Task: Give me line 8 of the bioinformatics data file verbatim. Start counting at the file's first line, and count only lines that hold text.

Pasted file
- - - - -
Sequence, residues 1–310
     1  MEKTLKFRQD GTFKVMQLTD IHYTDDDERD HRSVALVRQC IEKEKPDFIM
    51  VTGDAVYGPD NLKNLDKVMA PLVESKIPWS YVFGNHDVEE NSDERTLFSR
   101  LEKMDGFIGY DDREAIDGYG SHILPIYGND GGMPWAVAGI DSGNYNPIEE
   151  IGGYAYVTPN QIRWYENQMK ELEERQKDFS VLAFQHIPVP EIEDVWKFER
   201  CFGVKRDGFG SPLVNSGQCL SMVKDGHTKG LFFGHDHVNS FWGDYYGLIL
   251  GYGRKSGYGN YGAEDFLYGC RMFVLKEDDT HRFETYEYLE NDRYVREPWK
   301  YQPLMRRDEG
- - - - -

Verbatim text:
   301  YQPLMRRDEG